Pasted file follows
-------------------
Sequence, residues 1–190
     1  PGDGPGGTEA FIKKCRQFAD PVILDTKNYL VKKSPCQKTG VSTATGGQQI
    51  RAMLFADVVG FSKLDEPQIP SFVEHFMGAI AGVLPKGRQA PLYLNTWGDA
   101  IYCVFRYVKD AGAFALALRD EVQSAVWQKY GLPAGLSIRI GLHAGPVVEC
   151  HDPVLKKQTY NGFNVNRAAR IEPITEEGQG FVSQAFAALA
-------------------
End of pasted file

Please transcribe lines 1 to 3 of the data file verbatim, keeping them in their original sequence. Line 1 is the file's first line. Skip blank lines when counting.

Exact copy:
Sequence, residues 1–190
     1  PGDGPGGTEA FIKKCRQFAD PVILDTKNYL VKKSPCQKTG VSTATGGQQI
    51  RAMLFADVVG FSKLDEPQIP SFVEHFMGAI AGVLPKGRQA PLYLNTWGDA